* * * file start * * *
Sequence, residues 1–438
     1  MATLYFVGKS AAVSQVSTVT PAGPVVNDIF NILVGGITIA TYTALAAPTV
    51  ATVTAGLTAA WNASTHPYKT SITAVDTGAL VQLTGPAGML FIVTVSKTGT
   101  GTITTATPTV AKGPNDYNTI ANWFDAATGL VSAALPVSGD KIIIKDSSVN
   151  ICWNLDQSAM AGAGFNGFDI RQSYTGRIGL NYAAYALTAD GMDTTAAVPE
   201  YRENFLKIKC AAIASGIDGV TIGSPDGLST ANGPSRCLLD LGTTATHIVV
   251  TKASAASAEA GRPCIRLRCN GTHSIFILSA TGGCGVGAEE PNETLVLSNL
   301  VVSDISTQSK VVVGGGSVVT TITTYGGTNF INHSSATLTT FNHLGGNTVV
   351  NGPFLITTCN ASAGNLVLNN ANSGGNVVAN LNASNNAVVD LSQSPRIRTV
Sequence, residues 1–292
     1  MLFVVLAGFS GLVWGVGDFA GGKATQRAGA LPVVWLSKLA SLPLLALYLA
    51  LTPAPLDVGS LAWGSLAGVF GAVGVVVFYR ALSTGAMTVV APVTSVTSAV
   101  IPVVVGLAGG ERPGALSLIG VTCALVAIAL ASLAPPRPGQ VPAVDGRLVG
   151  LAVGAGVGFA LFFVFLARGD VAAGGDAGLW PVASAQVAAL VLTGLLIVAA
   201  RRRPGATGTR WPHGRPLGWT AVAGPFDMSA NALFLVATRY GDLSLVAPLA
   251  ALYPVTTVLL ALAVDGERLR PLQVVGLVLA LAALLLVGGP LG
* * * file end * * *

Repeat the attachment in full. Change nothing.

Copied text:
Sequence, residues 1–438
     1  MATLYFVGKS AAVSQVSTVT PAGPVVNDIF NILVGGITIA TYTALAAPTV
    51  ATVTAGLTAA WNASTHPYKT SITAVDTGAL VQLTGPAGML FIVTVSKTGT
   101  GTITTATPTV AKGPNDYNTI ANWFDAATGL VSAALPVSGD KIIIKDSSVN
   151  ICWNLDQSAM AGAGFNGFDI RQSYTGRIGL NYAAYALTAD GMDTTAAVPE
   201  YRENFLKIKC AAIASGIDGV TIGSPDGLST ANGPSRCLLD LGTTATHIVV
   251  TKASAASAEA GRPCIRLRCN GTHSIFILSA TGGCGVGAEE PNETLVLSNL
   301  VVSDISTQSK VVVGGGSVVT TITTYGGTNF INHSSATLTT FNHLGGNTVV
   351  NGPFLITTCN ASAGNLVLNN ANSGGNVVAN LNASNNAVVD LSQSPRIRTV
Sequence, residues 1–292
     1  MLFVVLAGFS GLVWGVGDFA GGKATQRAGA LPVVWLSKLA SLPLLALYLA
    51  LTPAPLDVGS LAWGSLAGVF GAVGVVVFYR ALSTGAMTVV APVTSVTSAV
   101  IPVVVGLAGG ERPGALSLIG VTCALVAIAL ASLAPPRPGQ VPAVDGRLVG
   151  LAVGAGVGFA LFFVFLARGD VAAGGDAGLW PVASAQVAAL VLTGLLIVAA
   201  RRRPGATGTR WPHGRPLGWT AVAGPFDMSA NALFLVATRY GDLSLVAPLA
   251  ALYPVTTVLL ALAVDGERLR PLQVVGLVLA LAALLLVGGP LG